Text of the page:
• A common trait of many "progressives" is that they believe so strongly that they are the only ones with god on their side that they are intolerant of others. It is why I find it so ironic that they get upset with evangelical Christians. I am not a Christian, but I do at least respect their right to their beliefs.

      • I BELIEVE … that one day our children will be judged not by the colour of their partisan flag but by the content of their character (and their actual comments)

        Somdeone has been listening to Glen Beck again …

      • you don't go to church but apparently you have a "god"…….and you "Believe in him" a lot….Stephen harper the prophet huh…..

    • bringing in the sheaves….

  6. "Ignatieff will destroy the country" says the Conservative
    "Harper is destroying the country" says the Liberal
    "Why don't they have an intelligent debate" bemoan the journalists as they report, repeat, and broadcast all the insults.

  7. The oil and gas industry isn't subsidized. It provides massive amount of net revenue to governments across the country. unlike the top soil destroying biofuel industry, or the country bankrupting (i.e. Spain) solar and wind energy. Unlike conventional oil, the oilsands has provides jobs and economic spinoffs across the entire breath of the country.

    McGuinty's subsidies for alternative energies in Ontario will make Ontario another Spain…who treasury was gutted by subsidies for solar and wind energy. The North American natural gas glut means that natural gas will be the fuel to bridge the gap till alternative energies are actually economic without subisidies. Natural gas is the least carbon emitting and cleanest burning of the fossil fuels, and replacing gasoline in trucking and corporate fleets and coal in electricity generation would also meet most short term carbon reduction targets.

    Dalton, unfortunately, has listened to his lunatic brother, and has doomed Ontario to be the next Spain.

    • I disagree. I actually find Spain to be a desirable vacation spot.

    • My province (Manitoba) provides direct grants for oil exploration as well as flow through shares (tax write offs) for the puny pump jack oil industry in the western part of our province. We are encouraging nothing that wouldnt occur anyway, just pissing away tax revenue

  8. Mr. Harper went into his Foghorn Leghorn routine, bobbing his head and lecturing….

    Thanks for the chuckle Mr Wherry.
    It sure did conjure up an amusing image for this old Looney Tunes fan [youtube hKnUQ0508H4&feature=related… youtube]

    • danby…..It must be tough supporting a leader and a party that simply can't shoot straight. The coalition debate is going to happen in the next election and Iffy is going to have to address it head on. If he doesn't he will not have much time to talk about anything else. The media will want to know and Harper will keep challenging him on it. There is too much talk between Libs and NDP about the possibility of the coalition resurrecting its ugly head to refuse to address it.

      Trouble is the Libs would have to win 60 seats from the Conservatives to form a coalition with the NDP. That means they must include the Bloc and we know how that went last time.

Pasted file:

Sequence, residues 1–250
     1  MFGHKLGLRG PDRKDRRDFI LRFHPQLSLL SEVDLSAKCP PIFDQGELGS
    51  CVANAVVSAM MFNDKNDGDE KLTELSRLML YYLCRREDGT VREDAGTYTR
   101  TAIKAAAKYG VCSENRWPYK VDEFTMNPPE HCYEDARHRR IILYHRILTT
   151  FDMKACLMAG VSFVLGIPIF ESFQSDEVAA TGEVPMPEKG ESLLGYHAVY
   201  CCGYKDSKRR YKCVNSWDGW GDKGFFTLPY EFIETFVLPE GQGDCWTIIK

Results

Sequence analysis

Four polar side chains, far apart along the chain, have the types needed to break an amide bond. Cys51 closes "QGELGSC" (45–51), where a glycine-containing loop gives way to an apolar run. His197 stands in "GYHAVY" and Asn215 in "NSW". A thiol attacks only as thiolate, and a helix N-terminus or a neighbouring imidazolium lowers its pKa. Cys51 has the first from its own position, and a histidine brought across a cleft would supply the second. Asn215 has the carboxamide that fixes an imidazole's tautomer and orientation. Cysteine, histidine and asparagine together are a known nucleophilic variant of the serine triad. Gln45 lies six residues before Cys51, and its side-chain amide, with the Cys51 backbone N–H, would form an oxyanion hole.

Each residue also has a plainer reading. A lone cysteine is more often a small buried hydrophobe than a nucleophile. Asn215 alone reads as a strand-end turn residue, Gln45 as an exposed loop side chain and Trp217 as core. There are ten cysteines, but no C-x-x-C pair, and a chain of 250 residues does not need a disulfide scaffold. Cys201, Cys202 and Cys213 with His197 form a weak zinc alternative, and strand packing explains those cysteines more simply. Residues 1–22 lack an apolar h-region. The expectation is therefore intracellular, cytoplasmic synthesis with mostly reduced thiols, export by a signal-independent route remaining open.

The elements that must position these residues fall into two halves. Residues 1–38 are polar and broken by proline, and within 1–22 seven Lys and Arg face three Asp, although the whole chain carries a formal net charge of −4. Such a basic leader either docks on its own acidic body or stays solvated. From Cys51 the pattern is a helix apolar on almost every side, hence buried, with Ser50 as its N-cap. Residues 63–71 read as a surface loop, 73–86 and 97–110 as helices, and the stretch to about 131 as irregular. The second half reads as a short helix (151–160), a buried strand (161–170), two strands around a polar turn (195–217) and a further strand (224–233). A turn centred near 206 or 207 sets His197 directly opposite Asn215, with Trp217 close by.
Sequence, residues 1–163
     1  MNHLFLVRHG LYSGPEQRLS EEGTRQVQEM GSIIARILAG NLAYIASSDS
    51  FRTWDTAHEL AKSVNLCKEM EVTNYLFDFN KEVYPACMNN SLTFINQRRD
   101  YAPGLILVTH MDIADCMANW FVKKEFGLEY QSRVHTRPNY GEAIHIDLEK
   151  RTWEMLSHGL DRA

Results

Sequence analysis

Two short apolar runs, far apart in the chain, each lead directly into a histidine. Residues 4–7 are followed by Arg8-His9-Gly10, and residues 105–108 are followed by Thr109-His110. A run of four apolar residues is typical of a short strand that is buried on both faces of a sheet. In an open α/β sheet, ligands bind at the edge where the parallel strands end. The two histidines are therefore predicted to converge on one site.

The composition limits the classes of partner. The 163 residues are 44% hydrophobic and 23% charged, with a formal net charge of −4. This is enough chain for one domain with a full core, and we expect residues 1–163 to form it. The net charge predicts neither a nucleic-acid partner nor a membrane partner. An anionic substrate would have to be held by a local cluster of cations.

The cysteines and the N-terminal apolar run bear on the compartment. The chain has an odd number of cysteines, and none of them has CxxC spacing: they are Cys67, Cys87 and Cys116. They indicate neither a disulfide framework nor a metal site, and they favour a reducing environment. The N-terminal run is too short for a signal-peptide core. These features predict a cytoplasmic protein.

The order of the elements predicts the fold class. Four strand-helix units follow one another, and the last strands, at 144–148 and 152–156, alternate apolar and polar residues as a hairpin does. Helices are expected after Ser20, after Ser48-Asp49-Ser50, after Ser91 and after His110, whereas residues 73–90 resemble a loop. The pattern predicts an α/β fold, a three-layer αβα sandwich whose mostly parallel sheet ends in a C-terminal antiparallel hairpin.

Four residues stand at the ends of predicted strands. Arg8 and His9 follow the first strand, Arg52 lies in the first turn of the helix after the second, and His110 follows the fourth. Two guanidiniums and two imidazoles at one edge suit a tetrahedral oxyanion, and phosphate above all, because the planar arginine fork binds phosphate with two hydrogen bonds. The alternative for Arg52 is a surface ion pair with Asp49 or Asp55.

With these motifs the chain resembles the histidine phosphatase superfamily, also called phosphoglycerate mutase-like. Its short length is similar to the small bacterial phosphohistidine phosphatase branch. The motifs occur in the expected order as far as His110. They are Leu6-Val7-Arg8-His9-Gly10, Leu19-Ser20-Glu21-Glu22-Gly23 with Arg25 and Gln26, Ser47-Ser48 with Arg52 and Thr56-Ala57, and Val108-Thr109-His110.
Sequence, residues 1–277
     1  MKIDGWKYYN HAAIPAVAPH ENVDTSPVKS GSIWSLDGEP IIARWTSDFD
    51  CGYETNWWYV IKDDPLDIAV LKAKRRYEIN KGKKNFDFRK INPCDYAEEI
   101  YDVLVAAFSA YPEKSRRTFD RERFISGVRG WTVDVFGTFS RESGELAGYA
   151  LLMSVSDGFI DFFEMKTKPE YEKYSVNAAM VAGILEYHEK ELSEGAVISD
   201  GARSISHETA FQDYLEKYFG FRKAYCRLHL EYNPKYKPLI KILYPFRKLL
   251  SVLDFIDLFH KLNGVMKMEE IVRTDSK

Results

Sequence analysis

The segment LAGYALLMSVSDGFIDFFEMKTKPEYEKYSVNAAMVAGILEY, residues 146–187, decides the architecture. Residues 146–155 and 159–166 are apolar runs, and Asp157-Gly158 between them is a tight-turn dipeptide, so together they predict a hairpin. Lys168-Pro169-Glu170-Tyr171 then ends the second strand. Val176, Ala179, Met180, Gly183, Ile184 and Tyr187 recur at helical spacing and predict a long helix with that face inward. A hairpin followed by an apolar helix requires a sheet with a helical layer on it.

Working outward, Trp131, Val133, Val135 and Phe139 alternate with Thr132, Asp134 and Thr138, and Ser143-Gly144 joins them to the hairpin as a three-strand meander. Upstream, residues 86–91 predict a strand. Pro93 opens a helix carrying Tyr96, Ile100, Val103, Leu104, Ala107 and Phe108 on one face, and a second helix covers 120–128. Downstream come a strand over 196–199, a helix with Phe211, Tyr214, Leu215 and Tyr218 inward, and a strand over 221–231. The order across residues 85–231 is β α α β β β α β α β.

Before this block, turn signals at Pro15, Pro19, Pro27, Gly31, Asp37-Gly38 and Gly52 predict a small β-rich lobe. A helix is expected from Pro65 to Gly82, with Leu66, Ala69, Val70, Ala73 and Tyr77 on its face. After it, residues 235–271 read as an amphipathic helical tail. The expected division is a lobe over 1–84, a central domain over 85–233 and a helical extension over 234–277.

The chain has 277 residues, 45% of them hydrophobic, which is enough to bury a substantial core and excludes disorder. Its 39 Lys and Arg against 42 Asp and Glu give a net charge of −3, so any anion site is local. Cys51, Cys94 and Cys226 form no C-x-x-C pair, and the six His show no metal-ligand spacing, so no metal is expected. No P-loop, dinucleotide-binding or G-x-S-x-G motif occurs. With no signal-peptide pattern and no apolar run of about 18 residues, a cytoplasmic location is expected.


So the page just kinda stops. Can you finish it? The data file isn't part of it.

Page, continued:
Feel free to keep showing the cartoons. It is a pleasant distraction from the problems facing the Liberals and their supporters on this board as they deny, defend and deflect the problems of the Liberal party and its feckless leader. That way don't have to talk about the elephant in the room.

      • hollinm – I can throw that argument right back at you. It must be tough supporting a party that shrouds their activities in secrecy and obfuscation, while loudly proclaiming a new era of accountability. All parties have their issues and I am not espousing that the Liberals do not. Are the Conservatives issue free in your estimation?
        The coalition answer is simple. The other parties must concede that they are all trying to win an election, and if they cannot, then they are open to whatever it takes to (in their estimation) better govern the country. Put another way: if they don't like the Conservative policies and a coalition is feasible, then it remains an alternative to yet another election. A coalition exists in the UK, and as of yet, the sky has not fallen.
        As for a coalition with the Bloc, must I dig out that letter from SH to the GG advising that such an alternative existed should the Martin Liberals fall? The Stephen Harper of yesteryear viewed such an alternative as an option reflecting the majority will of Parliament – now it's a treasonous, separatists trick… etc.
        I am not a member of any party, but my distaste for the way Stephen Harper does business is such that I have actually donated to the LPC. Yes, I dislike him that much.
        Do I think Mr Ignatieff is a great politician? No. He is every inch an under performing greenhorn, on the road to Pariahville. The rush to sweep him into the leadership role was ill advised. I have no illusions about him winning anything but a bus ticket out of town. But until there is a credible alternative, I'm content that Mr Harper remains in a minority position and will use my vote accordingly – and I'm pretty certain I'm not alone.
        Mr Wherry made a joke. I chuckled and posted a video. Mr Harper is hardly Foghorn Leghorn, but I'm sure that to those who observe him regularly, his schtick takes on elements of it at times – so yes I'll feel free to post the occasional cartoon. No harm done.
        By the same token, feel free to continue your use of cartoon names like "Iffy" to undermine your otherwise interesting and credible insights.

        • "By the same token, feel free to continue your use of cartoon names like "Iffy" to undermine your otherwise interesting and credible insights. "

          Does the victim feel the stilletto as it pierces the heart?